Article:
The highlight of the day for me was hearing everyone play.
Dave Burton played some of Brahms op.118#2 (wished he had played the rest of it). He also played the begining of the Pathetique sonata (he could give a master class on how to play the left hand tremelos in that piece).
Pique played a Chopin waltz - don't know the opus #. She has a very nice intimate sound, and her playing had a rhythmic lilt that was suitable for that piece, and it sounded even better on the Pleyel art case at KH.
Axtremus played an original composition, which we all liked a lot. He has a lot of dynamic range in his playing, and gets a nice big sound without ever banging.
I missed hearing Rich D playing the Rach. (I hope I wasn't banging on another piano at the same time). I did hear him playing some Liszt - I think - and it sounded great.
RKVS1 played a Bach prelude from the WTC II - can't remember which one - but he played with a lot of authority, and has a nice big sound.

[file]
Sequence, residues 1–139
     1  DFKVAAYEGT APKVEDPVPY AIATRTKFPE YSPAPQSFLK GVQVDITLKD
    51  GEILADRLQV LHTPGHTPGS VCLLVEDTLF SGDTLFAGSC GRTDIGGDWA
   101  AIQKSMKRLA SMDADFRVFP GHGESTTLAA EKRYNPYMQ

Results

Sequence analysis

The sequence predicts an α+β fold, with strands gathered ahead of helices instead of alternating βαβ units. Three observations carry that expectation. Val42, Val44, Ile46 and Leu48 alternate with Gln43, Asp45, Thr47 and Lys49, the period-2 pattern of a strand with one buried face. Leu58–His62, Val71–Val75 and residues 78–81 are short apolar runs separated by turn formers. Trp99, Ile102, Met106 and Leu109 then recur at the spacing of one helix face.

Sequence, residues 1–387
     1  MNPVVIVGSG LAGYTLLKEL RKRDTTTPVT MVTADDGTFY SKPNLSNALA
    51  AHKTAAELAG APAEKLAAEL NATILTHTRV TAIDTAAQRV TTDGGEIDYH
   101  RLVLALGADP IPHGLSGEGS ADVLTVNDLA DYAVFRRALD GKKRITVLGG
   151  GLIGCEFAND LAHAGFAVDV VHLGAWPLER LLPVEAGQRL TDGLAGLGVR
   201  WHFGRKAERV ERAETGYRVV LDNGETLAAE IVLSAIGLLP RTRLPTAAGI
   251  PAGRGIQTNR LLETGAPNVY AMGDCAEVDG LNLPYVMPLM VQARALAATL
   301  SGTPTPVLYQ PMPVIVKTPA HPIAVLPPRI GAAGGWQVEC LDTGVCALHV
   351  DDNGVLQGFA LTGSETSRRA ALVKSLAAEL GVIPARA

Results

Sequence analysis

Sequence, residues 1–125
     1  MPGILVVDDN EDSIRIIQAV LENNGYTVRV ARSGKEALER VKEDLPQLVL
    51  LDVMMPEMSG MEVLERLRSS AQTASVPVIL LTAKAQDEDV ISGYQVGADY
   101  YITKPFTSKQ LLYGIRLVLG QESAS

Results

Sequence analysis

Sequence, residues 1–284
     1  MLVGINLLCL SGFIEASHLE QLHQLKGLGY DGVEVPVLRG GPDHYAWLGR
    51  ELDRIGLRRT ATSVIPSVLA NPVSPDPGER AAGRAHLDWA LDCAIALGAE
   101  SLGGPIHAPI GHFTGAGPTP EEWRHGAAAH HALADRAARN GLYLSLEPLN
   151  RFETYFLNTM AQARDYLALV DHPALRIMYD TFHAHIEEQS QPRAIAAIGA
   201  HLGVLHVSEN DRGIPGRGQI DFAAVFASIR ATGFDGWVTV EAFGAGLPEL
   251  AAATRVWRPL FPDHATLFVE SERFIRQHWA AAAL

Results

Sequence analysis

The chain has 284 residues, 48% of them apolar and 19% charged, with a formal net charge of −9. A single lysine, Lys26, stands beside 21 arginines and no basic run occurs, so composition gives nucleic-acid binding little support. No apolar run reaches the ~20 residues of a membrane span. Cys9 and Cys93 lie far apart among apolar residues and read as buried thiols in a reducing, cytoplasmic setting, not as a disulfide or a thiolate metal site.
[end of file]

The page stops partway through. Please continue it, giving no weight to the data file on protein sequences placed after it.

I was able to hear Bernard play the second movement of the Ravel Sonatine, and although he says it's his first Impressionist piece, he certainly has a feel for that style. Wish I had heard him play some of the Beethoven op 90.
After some arm twisting, RealPlayer played a stride/ragtime piece that was a collaboration of three composers - I wish he would let us know again what it was. It was an delight to listen to. I think he said it wasn't polished, but he could have fooled me.
Finally, I heard Calin play a little bit of the Mozart D minor Fantasy, and he gave it a mysterious quality that suited the piece.

If I forgot anyone's playing, let me know. There was a lot going on.

I agree with Pique about the Playel. It is a really special instrument, and I hope it ends up in a place where it actually gets played.